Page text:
Tomorrow morning at 4:02am PDT the Sun will be directly over the equator, marking the Vernal Equinox and the first day of spring. All over the planet tomorrow there will be roughly equal parts of day and night. The Sun will rise directly in the East and set directly in the West. Some say that on this day the cosmic forces are so balanced that you can stand an egg on its end. Others say any one gullible enough to believe that you can balance an egg on its end at the Vernal Equinox should suffer the fate of wasting the day trying to do just that. The egg, of course, symbolizes new life and springtime itself—a time of rebirth and renewal when we all feel more vital and energetic. I’ve been feeling it in particular since St. Patrick’s Day this past Sunday, coinciding with Mercury turning direct. Some strong practices this week and large classes—it seems that everyone is feeling it, the Sap of Life flowing more strongly through the veins. I find that the more energy I give to my yoga practice, the more it gives back to me. This is a great time for Tapas—the Sacred Fire that removes impurities and brings us to our senses. For myself, I’m hoping to burn off the extra two kilos that I put on over the winter so I can do poses again like supta kurmasana, pashasana, and tittibhasana. Of course this will also require me to be more conscientious about my diet—avoid those empty calories, eat plenty of greens to make my liver happy, and spend more time outdoors walking, biking, and body surfing. The days are getting longer and warmer so it is a pleasure to be outdoors to see the springtime perennials blooming. Two of my favorites are nasturtiums and sour grass, both edible and good for the liver. The ocean is getting warm enough that I have thoughts of donning my spring wet suit and diving in. I think it might just be the rite of renewal I need to celebrate the Vernal Equinox tomorrow. There are many Holy Days in different cultures that are celebrated around this time—Passover and Easter, for example. The origins of Easter are linked to an ancient pagan festival celebrated on the Vernal Equinox called Ostara, named in honor of the Goddess Eostre, who symbolizes the passage of time as well as new life and fertility. Eostre was once rescued by a bird with frozen wings that was magically transformed into a magical , egg laying hare. There is a particular type of rabbit known as a March Hare, who has his mating season at this time of the year. Normally these hares are nocturnal, but during the mating season they are so crazed that they barely sleep. The female hares are capable of conceiving again even while they are pregnant. Both the rabbit and the egg are symbols of fertility and new life—a hare that lays eggs is a particularly potent symbol for the energy of the season.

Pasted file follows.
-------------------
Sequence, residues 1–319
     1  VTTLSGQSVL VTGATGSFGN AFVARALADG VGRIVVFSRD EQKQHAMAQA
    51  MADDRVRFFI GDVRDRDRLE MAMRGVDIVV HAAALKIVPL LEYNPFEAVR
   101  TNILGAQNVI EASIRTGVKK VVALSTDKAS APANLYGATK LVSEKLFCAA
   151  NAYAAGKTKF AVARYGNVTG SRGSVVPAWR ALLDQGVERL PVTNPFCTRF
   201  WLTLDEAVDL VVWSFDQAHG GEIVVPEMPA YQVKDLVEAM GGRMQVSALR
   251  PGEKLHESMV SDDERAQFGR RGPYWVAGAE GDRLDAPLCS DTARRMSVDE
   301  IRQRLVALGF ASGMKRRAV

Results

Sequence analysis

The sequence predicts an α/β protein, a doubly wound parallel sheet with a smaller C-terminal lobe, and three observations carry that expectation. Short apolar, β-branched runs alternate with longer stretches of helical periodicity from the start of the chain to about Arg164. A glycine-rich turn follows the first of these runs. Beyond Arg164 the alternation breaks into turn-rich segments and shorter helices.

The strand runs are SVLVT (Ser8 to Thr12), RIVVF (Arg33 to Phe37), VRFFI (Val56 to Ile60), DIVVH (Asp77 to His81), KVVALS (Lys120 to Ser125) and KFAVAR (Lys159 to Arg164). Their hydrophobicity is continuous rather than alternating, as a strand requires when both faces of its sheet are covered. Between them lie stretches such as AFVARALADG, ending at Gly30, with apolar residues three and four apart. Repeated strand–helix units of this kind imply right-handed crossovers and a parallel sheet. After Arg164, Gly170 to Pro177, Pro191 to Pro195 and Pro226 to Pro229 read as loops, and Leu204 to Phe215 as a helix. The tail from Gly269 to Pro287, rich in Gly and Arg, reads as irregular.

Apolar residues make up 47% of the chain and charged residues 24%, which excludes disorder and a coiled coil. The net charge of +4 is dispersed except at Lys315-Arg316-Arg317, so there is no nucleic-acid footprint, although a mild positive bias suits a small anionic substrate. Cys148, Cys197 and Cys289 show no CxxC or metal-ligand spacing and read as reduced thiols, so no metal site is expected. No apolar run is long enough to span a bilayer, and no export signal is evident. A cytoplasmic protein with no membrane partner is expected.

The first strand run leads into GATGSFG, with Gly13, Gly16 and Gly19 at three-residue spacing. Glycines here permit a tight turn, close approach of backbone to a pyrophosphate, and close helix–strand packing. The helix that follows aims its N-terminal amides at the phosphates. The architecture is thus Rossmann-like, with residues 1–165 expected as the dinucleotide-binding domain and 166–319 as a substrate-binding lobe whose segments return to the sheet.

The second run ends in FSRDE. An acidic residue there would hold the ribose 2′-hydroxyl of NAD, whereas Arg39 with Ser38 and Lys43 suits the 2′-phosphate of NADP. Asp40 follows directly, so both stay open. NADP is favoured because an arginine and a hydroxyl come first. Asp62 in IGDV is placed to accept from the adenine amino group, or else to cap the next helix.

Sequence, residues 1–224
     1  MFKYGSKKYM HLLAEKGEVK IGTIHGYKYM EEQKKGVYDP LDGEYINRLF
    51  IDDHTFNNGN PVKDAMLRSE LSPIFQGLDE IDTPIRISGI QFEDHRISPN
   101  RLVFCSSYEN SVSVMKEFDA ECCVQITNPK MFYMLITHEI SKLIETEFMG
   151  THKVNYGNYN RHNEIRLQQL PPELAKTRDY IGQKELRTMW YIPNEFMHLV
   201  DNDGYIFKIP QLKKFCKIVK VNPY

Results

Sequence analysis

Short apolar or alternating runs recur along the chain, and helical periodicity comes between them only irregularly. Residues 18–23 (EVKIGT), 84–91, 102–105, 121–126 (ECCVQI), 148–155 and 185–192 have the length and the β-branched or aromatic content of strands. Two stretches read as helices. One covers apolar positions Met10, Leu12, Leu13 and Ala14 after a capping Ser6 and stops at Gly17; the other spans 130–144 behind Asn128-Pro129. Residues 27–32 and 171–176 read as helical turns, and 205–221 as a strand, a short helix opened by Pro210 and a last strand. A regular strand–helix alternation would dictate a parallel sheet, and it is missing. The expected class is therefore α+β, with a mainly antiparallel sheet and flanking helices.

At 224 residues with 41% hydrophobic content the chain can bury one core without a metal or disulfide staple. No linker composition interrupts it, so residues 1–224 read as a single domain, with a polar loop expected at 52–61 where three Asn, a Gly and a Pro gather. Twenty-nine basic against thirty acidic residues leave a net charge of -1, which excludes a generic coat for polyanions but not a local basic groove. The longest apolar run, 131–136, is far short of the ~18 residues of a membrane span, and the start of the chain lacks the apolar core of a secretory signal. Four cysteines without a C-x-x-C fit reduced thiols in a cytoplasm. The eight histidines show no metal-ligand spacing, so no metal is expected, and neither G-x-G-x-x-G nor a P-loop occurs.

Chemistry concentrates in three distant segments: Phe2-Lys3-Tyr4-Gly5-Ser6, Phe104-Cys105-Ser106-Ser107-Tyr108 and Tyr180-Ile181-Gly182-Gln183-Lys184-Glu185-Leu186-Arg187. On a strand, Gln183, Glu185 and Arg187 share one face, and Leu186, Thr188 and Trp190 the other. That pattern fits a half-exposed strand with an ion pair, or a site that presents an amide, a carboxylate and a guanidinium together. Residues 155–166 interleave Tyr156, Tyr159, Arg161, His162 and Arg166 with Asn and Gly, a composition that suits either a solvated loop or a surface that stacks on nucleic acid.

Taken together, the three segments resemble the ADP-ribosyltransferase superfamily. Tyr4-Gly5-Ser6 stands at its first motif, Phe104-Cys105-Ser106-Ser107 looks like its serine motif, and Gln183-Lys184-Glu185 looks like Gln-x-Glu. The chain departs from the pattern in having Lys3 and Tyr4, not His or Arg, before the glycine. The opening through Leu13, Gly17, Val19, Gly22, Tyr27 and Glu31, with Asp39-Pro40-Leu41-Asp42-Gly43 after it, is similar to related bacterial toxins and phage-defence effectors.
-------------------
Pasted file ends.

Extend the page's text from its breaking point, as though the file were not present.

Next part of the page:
I always reread the Ramayana in the spring. Rama and Hanuman were both born in the springtime and Rama and Sita were also married in the spring. Rama is associated with the sign Aries (Mesha in Sanskrit), the Ram. Over the years I’ve read many versions of the Ramayana. This year I have just started the Ramacharitamanasa (translation by R.C. Prasad) by Tulasi Das, the great 16th century poet who wrote the Hanuman Chalisa. Inspired by Valmiki’s Ramayana, the Ramacharitamanasa is Tulasi Das’ gift to the common man, written in the language of the people—a dialect of Hindi called Awadhi—rather than the more scholarly Sanskrit. Tulasi Das writes with great devotion to his subject. In India it is commonly believed that anyone who reads this divinely inspired text will receive a great spiritual blessing—something we can all use!